March 9th, 2017

Matthew Rocklin: Biased Benchmarks

Programing, Python, by admin.

This work is supported by Continuum Analytics
the XDATA Program
and the Data Driven Discovery Initiative from the Moore
Foundation

Summary

Performing benchmarks to compare software is surprisingly difficult to do
fairly, even assuming the best intentions of the author. Technical developers
can fall victim to a few natural human failings:

  1. We judge other projects by our own objectives rather than the objectives under which that project was developed
  2. We fail to use other projects with the same expertise that we have for our own
  3. We naturally gravitate towards cases at which our project excels
  4. We improve our software during the benchmarking process
  5. We don’t release negative results

We discuss each of these failings in the context of current benchmarks I’m
working on comparing Dask and Spark Dataframes.

Introduction

Last week I started comparing performance between Dask Dataframes (a project
that I maintain) and Spark Dataframes (the current standard). My initial
results showed that Dask.dataframes were overall much faster, somewhere like
5x.

These results were wrong. They’re weren’t wrong in a factual sense, the
experiments that I ran were clear and reproducible, but there was so much bias
in how I selected, set up, and ran those experiments that the end result was
misleading. After checking results myself and then having other experts come
in and check my results I now see much more sensible numbers. At the moment
both projects within a factor of two most of the time, with some interesting
exceptions either way.

This blogpost outlines the ways in which library authors can fool themselves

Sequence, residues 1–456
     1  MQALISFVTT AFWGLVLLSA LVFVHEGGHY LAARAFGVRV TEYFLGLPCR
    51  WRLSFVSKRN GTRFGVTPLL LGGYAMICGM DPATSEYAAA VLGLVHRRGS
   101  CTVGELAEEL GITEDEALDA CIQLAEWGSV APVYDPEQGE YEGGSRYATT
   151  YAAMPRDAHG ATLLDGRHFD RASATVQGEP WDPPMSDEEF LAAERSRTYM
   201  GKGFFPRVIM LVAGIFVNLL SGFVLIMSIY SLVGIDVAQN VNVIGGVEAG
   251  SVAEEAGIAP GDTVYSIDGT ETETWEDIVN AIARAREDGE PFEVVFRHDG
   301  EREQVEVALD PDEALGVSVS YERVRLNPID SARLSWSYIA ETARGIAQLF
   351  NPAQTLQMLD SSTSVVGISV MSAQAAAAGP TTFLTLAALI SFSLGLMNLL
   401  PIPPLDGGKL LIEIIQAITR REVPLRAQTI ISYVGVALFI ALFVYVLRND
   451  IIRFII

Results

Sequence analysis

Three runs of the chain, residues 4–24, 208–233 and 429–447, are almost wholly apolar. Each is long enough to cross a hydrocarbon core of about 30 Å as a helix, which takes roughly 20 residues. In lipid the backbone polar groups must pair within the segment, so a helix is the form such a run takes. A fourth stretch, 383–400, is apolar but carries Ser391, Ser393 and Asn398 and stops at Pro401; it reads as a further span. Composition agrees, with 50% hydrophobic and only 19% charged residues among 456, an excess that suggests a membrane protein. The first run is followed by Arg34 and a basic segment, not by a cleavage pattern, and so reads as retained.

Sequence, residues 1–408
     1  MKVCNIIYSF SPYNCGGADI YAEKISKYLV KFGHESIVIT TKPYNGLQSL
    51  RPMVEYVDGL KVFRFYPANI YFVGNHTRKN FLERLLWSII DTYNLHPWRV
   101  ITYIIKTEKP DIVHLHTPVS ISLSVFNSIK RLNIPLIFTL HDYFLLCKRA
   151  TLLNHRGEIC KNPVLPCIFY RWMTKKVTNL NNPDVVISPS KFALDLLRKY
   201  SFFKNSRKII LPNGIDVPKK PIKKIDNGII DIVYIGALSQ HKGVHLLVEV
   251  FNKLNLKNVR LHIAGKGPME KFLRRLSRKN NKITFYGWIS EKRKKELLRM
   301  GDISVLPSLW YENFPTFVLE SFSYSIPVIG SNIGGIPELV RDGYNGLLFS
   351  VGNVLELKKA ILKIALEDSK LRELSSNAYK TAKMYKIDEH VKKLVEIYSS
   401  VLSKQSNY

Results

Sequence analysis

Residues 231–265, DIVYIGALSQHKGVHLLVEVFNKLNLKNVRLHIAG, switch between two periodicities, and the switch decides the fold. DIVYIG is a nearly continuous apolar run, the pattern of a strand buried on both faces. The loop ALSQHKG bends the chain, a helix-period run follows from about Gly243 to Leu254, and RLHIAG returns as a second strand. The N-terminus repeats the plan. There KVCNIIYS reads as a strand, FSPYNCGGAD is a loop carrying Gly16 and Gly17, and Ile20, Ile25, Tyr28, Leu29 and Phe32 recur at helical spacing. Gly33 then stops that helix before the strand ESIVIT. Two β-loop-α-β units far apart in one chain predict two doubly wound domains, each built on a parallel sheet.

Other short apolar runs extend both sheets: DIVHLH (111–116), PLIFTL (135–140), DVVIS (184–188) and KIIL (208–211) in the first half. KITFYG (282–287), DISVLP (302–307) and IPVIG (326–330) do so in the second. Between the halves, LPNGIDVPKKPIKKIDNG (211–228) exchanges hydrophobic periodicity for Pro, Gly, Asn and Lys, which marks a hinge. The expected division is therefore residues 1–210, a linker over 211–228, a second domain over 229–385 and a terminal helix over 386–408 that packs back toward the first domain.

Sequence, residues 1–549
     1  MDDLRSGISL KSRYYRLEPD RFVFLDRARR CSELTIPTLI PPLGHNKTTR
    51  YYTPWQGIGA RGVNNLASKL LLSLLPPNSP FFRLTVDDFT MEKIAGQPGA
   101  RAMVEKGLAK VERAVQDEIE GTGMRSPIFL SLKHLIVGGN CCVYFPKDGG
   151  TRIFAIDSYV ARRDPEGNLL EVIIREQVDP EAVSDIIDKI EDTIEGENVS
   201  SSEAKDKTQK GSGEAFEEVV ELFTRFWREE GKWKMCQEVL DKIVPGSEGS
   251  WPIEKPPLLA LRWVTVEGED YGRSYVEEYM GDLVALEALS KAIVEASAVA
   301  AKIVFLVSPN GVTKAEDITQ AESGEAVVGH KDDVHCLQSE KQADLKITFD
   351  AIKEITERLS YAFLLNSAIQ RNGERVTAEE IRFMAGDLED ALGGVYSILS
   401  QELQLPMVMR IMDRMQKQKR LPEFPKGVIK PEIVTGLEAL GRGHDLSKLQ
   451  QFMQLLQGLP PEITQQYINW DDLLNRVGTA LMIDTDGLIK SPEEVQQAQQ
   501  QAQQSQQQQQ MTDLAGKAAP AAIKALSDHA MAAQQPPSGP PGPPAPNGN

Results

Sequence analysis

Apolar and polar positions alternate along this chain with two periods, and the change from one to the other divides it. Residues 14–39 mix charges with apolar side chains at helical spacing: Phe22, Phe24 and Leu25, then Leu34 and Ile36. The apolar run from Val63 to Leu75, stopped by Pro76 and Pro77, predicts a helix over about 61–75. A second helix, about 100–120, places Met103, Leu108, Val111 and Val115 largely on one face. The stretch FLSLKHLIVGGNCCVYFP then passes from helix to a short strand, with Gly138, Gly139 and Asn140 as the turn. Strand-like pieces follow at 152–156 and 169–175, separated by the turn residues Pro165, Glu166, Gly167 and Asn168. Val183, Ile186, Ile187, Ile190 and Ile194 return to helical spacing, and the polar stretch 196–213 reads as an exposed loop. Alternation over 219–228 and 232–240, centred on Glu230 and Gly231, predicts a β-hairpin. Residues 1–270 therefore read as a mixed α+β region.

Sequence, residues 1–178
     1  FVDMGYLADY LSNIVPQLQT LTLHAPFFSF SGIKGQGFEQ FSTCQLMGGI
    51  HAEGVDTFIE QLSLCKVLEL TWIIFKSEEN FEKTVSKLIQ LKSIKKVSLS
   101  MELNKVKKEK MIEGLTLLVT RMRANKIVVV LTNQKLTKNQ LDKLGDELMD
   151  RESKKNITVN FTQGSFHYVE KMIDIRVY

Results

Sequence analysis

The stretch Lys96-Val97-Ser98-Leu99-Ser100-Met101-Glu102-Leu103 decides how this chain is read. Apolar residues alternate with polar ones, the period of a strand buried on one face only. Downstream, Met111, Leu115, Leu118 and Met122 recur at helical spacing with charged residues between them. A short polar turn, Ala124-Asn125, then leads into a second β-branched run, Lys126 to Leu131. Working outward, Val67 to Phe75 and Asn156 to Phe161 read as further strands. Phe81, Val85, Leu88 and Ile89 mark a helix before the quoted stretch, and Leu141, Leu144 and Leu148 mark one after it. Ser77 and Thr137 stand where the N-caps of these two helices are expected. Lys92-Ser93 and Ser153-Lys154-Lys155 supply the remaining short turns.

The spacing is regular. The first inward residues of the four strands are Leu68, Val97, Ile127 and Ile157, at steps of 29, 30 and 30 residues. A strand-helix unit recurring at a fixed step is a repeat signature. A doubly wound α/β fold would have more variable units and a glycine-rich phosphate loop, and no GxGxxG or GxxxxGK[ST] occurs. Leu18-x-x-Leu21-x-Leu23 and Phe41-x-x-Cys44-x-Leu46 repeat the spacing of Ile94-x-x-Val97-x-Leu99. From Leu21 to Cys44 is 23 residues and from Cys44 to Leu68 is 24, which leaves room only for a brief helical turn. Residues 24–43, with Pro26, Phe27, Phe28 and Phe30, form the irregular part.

when performing benchmarks, using my recent experience as an anecdote. I hope
that this encourages authors to check themselves, and encourages readers to be
more critical of numbers that they see in the future.

This problem exists as well in academic research. For a pop-science rendition
I recommend “The Experiment Experiment” on the Planet Money
Podcast
.

Skewed Objectives

Feature X is so important. I wonder how the competition fares?

Every project is developed with different applications in mind and so has
different strengths and weaknesses. If we approach a benchmark caring only
about our original objectives and dismissing the objectives of the other
projects then we’ll very likely trick ourselves.

For example consider reading CSV files. Dask’s CSV reader is based off of
Pandas’ CSV reader, which was the target of a lot of effort and love; this is because CSV was so important to the finance community where Pandas grew up. Spark’s CSV solution is less awesome, but that’s less about the quality of Spark and more a statement to the fact that Spark users tend not to use CSV.
If they’re using text-based formats they’re much
more likely to use line-delimited JSON, which is typical in Spark’s common use
cases (web diagnostics, click logs, etc..) Pandas/Dask came from the